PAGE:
If the parties are unable to reach an agreement as to custody or to a parenting plan, then they must attend the Custody and Visitation Mediation Program. At the early stages of the divorce case, the parties will either agree as to a temporary plan for custody. Alternatively, a party can file a motion/application before the court to determine a temporary custody order/plan.

Thereafter, the case will then be referred to the Custody and Visitation Mediation Program. If the parties are able to reach an agreement through mediation then the custody and visitation issue will be settled. If they are not able to reach an agreement through the mediation process, then the parties must gear up for a custody trial. In a custody trial the parties must each retain a child psychologist to render a best interests evaluation report. These reports are very expensive to prepare to say the least. You can buy a car for the price that you pay to have these reports prepared. In these reports the child psychologist will make a recommendation to the judge as to which parent should be awarded custody. In some cases the judge will appoint a joint expert who will render only one report. This could save the parties substantial expert costs. In some custody cases the judge will appoint another lawyer to serve as a guardian ad litem to render a custody report. However, in the majority of the cases both parties will have to retain and pay for their own child psychologist. The average retainer to prepare these types of reports is $5,000. Moreover, there are additional fees that can easily exceed another $5,000 to $10,000 if these experts are forced to testify at court.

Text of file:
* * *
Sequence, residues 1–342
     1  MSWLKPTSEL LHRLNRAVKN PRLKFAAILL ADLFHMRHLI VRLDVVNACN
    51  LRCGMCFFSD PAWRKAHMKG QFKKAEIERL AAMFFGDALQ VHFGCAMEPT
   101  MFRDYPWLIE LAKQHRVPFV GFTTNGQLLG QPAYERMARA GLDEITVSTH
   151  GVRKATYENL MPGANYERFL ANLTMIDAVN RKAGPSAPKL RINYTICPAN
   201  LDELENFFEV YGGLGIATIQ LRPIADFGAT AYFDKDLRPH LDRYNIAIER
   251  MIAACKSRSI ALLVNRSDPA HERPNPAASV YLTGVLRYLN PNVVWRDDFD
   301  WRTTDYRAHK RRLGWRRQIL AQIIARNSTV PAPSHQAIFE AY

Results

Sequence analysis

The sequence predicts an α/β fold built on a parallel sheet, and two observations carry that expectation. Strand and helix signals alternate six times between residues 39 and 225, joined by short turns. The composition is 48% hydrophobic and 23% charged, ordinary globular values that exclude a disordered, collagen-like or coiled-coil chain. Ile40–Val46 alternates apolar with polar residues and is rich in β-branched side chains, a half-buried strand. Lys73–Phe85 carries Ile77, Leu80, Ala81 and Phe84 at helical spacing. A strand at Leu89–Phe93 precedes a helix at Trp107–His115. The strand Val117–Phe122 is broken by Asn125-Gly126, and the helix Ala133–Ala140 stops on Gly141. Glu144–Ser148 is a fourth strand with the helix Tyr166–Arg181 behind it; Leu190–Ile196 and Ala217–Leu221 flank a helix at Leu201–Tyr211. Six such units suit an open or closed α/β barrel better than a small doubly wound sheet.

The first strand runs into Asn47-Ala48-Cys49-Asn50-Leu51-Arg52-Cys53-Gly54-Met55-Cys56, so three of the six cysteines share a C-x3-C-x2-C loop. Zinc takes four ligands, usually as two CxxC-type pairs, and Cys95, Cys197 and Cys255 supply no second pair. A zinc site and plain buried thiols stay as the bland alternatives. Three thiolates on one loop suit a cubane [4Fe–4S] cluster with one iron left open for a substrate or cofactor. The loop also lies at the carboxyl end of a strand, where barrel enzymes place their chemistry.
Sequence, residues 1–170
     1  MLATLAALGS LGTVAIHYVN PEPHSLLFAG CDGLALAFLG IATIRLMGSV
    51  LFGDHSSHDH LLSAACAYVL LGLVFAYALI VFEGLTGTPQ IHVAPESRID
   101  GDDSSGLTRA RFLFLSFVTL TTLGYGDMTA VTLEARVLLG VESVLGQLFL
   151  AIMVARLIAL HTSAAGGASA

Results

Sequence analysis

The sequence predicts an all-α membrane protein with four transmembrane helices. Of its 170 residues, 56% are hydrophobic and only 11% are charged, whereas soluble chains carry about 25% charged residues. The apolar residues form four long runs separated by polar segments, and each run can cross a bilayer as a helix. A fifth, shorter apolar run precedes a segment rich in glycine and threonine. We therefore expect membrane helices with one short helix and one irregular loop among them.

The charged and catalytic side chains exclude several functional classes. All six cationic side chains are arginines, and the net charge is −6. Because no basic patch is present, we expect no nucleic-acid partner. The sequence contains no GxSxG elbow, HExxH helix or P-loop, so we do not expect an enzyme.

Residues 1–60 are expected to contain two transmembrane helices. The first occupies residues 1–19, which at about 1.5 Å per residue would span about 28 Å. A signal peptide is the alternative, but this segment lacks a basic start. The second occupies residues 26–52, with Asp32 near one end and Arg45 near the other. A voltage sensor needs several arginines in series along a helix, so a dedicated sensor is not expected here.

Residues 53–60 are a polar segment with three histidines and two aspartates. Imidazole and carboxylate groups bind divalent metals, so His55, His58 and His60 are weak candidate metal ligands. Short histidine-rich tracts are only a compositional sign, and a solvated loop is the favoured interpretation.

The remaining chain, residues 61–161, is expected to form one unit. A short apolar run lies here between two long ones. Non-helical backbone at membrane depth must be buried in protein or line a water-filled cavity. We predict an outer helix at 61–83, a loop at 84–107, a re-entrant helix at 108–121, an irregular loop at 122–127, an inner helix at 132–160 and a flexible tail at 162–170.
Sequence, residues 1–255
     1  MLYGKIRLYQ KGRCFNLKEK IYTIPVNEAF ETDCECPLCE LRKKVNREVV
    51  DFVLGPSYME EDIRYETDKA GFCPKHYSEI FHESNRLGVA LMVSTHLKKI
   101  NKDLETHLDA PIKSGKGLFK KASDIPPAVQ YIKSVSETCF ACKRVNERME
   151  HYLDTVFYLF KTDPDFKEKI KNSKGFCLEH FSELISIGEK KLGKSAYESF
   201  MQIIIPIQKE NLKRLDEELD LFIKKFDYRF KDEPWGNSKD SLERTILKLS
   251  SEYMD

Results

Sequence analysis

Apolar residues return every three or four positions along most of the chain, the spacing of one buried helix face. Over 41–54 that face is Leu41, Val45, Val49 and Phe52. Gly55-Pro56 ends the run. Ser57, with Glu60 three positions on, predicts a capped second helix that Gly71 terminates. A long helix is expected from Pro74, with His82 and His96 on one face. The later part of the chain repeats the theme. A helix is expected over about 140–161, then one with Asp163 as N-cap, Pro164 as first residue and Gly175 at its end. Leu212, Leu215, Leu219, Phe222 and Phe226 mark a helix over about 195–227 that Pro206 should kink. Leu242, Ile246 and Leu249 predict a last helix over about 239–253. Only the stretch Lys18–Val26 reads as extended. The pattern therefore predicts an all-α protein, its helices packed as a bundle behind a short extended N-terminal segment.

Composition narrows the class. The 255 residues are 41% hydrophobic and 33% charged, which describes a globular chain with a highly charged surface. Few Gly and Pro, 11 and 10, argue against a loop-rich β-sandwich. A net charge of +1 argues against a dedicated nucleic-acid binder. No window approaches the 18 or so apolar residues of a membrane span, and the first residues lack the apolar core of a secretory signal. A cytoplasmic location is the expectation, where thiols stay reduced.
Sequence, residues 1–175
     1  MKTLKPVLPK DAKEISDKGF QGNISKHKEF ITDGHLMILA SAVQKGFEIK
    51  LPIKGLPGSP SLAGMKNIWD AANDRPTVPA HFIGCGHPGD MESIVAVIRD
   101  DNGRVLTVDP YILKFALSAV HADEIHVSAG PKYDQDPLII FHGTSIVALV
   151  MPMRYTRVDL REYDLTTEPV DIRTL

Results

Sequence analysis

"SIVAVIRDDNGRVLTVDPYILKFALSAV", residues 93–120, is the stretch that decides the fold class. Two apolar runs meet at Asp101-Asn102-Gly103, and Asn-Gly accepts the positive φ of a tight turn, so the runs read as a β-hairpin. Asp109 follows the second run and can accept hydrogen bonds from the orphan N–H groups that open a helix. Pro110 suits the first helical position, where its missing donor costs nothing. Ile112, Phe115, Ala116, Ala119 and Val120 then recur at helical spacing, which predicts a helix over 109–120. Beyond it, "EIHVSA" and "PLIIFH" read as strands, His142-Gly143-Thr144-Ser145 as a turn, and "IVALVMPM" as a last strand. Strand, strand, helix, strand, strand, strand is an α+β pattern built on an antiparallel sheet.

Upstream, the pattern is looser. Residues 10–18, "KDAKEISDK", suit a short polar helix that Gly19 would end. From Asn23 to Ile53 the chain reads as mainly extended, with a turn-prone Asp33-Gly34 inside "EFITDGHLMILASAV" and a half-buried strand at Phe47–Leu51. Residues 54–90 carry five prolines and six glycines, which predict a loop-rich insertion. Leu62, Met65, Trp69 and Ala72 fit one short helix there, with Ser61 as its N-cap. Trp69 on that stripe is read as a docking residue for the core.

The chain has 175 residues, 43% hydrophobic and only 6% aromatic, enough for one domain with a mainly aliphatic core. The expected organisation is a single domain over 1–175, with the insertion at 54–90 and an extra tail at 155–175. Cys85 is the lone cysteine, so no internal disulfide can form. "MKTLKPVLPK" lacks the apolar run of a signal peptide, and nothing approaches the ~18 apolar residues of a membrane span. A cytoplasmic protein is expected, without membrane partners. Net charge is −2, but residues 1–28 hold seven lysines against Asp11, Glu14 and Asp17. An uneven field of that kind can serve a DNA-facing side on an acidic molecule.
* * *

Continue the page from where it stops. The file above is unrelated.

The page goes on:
In summary, having a full-blown custody or relocation case is a great way to waste all of your savings and to go broke. Believe me I have many clients who have blown all of their lifelong savings on a custody case. It is so hard to earn and save money in this world. If possible every effort should be made to avoid a lengthy and expensive custody battle.

B. PARENTING TIME

Parenting time is also known as visitation and it is also an important part of any divorce case. The typical visitation plan for the non-custodial parent is every other weekend from Friday night to Sunday at 5:00 p.m. Moreover, the non-custodial parent is also entitled to parenting time on Wednesday from 5:00 p.m. to 8:30 p.m. Once again this is just a cookie cutter parenting plan that is used by many divorced couples. If the parties cooperate then the amount of variations of parenting plans is endless.

Nonetheless, any parenting plan should be as specific as possible. The more specific that a parenting plan is then the less room there is for the parties to squabble. Moreover, the parties should also agree to a parenting plan to split all of the major holidays including Mother’s Day, Father’s Day, East, Halloween, Christmas, and summer vacation. If you can’t agree on a reasonable parenting plan then your case will be referred to parenting mediation. These programs are great. In the majority of the cases you will be able to iron out your differences and come up with a reasonable parenting plan. However, please keep in mind that a parenting plan is just that a plan. In the world of family law parenting plans are made to be broken. Don’t expect that your ex-spouse will honor all of the terms of your agreed upon parenting plan. Life after divorce is not always fun or easy. You must be prepared to file enforcement motions to protect your parenting time. If the custodial parent likes to play games, and if she tries to alienate you from your children, then you must file an enforcement motion and seek to have her held in contempt of court.